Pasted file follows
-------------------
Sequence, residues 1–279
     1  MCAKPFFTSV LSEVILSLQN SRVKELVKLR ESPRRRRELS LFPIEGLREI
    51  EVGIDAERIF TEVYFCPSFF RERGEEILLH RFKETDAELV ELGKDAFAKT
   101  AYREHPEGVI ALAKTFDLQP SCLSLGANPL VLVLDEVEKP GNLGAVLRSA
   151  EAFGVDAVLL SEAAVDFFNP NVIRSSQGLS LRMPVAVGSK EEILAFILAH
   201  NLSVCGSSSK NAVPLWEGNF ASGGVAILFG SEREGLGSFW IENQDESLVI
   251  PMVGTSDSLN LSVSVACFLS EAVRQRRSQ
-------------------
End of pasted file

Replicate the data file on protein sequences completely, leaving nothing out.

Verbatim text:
Sequence, residues 1–279
     1  MCAKPFFTSV LSEVILSLQN SRVKELVKLR ESPRRRRELS LFPIEGLREI
    51  EVGIDAERIF TEVYFCPSFF RERGEEILLH RFKETDAELV ELGKDAFAKT
   101  AYREHPEGVI ALAKTFDLQP SCLSLGANPL VLVLDEVEKP GNLGAVLRSA
   151  EAFGVDAVLL SEAAVDFFNP NVIRSSQGLS LRMPVAVGSK EEILAFILAH
   201  NLSVCGSSSK NAVPLWEGNF ASGGVAILFG SEREGLGSFW IENQDESLVI
   251  PMVGTSDSLN LSVSVACFLS EAVRQRRSQ